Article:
Quotes:
[First lines]
John Thurston:Good to see you back, Jeff.
Jeff Warren:Town looks great
John Thurston:80% better than Korea, I'll bet.
Jeff Warren:100%.
John Thurston:No medals?
Jeff Warren:They ran out of them.
See more »
Movie Connections:
Referenced in The Girl on the Late, Late Show (1974) (TV)See more »

FAQ

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5 out of 5 people found the following review useful.
You never knew me., 4 April 2011
Author: JohnRouseMerriottChard from United Kingdom

Human Desire is directed by Fritz Lang and adapted for the screen by Alfred Hayes from the story "The Human Beast" written by Émile Zola. It stars Glenn Ford, Gloria Grahame and Broderick Crawford. Music is by Daniele Amfitheatrof and Burnett Guffey is the cinematographer. The story had been filmed twice before, as Die Bestie im Menschen in 1920 and La Bête humaine in 1938.

The plot revolves around a love triangle axis involving Jeff Warren (Ford), Vicki Buckley (Grahame) and Carl Buckley (Crawford). Crawford's Railroad Marshall gets fired and asks his wife, Viki, to sweet talk one of the yards main investors, John Owens (Grandon Rhodes), into pressuring his yard boss into giving him his job back. But there is a history there, and Carl is beset with jealousy when Viki is away for far too long. It's his jealousy that will start the downward spiral of events that will change their lives forever, with Jeff firmly in the middle of the storm.

The Production Code of the time ensured that Fritz Lang's take on the Zola novel would be considerably toned down. Thus some of the sex and violence aspects in the narrative give way to suggestion or aftermath. However, for although it may not be in the top tier of Lang's works, it's still an involving and intriguing picture seeping with film noir attributes. It features a couple of wretched characters living a bleak existence, what hope there is is in short supply and pleasures are futile, stymied by jealousy and murder. Thrust in to the middle of such hopelessness is the bastion of good and pure honesty, Jeff Warren, fresh from serving his country in the Korean War. Lusted after by the sweet daughter of his friend and landlord (Kathleen Case and Edgar Buchanan respectively), Jeff, back in employment at the rail yard, has it all going for him. But as the title suggests, human beings are at times at the mercy of their desires, and it's here where Lang enjoys pitting his three main characters against their respective fates. All set to the backdrop of a cold rail yard and the trains that work out of that steely working class place (Guffey's photography in sync with desolation of location and the characters collision course of fate).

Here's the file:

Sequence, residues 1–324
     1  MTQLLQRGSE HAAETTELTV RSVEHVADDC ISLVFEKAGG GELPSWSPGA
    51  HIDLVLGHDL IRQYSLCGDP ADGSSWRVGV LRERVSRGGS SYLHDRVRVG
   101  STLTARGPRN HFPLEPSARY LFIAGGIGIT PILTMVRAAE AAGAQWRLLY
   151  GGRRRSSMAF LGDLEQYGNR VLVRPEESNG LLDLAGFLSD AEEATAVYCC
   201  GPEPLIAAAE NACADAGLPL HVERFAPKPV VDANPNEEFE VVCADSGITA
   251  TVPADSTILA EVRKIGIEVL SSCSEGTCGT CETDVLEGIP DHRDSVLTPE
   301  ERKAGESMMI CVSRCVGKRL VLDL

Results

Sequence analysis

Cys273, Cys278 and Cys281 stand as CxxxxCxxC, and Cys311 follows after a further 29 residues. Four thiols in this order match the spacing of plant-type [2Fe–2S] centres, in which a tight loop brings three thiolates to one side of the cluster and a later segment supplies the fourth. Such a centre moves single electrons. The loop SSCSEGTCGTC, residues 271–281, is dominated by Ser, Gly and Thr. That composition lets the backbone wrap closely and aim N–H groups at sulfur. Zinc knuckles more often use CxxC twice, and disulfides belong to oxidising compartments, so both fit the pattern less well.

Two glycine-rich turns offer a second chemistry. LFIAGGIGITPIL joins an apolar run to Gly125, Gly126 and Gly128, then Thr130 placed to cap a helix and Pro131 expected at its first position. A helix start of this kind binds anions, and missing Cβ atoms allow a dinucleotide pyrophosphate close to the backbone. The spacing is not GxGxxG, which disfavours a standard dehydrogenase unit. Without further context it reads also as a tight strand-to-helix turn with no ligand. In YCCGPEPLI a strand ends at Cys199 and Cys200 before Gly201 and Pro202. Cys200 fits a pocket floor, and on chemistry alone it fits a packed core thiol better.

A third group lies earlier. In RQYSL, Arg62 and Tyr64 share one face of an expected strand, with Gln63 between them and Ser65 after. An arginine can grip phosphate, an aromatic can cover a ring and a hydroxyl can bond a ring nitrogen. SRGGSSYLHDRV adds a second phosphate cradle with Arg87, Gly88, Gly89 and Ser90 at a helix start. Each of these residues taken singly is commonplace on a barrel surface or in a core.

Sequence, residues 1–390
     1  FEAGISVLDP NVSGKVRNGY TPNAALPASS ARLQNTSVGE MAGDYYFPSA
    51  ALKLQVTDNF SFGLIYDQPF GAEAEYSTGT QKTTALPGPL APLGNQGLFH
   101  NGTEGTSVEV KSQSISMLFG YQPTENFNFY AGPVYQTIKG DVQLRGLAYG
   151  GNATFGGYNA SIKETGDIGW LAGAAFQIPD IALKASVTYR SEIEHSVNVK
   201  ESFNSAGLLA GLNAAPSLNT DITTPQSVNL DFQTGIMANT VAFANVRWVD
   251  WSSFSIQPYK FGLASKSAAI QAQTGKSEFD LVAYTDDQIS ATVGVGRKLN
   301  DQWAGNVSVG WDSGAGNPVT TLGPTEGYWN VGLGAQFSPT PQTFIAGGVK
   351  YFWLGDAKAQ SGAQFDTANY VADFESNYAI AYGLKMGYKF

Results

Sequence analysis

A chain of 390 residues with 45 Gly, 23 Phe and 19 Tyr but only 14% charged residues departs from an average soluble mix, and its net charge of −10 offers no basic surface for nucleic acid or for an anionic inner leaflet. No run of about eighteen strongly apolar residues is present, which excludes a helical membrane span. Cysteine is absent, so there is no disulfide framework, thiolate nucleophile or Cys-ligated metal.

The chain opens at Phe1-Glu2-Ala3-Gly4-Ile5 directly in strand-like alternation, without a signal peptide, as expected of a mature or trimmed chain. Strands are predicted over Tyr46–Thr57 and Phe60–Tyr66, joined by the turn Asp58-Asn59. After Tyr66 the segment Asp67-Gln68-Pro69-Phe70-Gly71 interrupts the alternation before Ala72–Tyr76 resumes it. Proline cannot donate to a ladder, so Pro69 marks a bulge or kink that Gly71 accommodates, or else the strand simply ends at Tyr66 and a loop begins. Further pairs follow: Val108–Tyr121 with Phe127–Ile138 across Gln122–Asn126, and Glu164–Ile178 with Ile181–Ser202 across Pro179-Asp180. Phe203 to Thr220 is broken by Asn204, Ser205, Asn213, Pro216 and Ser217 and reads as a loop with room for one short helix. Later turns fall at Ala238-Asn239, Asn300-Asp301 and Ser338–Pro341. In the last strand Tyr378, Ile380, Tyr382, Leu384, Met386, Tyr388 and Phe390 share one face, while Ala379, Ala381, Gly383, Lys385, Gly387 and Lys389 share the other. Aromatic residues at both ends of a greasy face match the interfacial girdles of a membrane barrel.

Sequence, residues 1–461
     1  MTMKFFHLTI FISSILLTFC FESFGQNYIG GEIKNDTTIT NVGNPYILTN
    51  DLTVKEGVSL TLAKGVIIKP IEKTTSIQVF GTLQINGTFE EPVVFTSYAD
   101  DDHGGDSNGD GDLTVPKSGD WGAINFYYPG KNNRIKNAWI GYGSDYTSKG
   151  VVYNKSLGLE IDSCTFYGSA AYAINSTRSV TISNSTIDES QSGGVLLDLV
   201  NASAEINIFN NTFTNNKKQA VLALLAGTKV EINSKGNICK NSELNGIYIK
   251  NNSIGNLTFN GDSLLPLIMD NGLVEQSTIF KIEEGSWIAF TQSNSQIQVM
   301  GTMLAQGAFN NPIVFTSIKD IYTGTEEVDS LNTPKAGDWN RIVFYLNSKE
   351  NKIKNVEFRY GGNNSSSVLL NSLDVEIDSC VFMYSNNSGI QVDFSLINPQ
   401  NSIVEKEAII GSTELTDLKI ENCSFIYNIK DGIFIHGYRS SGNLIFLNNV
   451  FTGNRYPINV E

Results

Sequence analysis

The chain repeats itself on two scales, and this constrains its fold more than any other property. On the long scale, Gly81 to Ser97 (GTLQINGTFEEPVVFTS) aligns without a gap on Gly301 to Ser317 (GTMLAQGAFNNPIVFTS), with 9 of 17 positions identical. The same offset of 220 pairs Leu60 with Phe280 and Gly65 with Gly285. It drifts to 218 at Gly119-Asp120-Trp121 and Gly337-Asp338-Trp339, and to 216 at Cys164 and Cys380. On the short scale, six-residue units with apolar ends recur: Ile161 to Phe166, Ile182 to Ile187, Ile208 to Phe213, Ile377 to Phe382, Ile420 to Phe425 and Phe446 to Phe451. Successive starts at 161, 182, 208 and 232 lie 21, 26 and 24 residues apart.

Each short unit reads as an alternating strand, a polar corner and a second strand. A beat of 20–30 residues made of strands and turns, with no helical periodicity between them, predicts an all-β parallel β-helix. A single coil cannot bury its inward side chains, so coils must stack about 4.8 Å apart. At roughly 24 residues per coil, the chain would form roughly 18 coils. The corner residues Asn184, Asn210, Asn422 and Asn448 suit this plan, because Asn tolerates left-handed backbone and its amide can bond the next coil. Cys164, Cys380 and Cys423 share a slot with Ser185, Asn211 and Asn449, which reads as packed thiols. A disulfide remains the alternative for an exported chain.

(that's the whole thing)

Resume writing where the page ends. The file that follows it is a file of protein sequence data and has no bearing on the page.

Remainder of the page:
Featuring two of the principal cast from The Big Heat (1953), it's a very well casted picture. Grahame is a revelation as the amoral wife stung by unfulfillment, sleazy yet sexy, Grahame makes Vicki both alluring and sympathetic. Lang had wanted Rita Hayworth for the role, but a child custody case prevented her from leaving the country (much of the film was shot in Canada), so in came Grahame and film noir got another classic femme fatale. Ford could play an everyman in his sleep, so this was an easy role for him to fill, but that's taking nothing away from the quality of his performance, because he's the cooling glue holding the film together. Crawford offers up another in his line of hulking brutes, with this one pitiful as he has anger issues take a hold, his original crime being only that he wants to desperately please his uncaring wife. Strong support comes from Buchanan, Case and Diane DeLaire.

Adultery, jealousy, murder and passion dwells within Human Desire, a highly accomplished piece of film noir from the gifted Fritz Lang. 7.5/10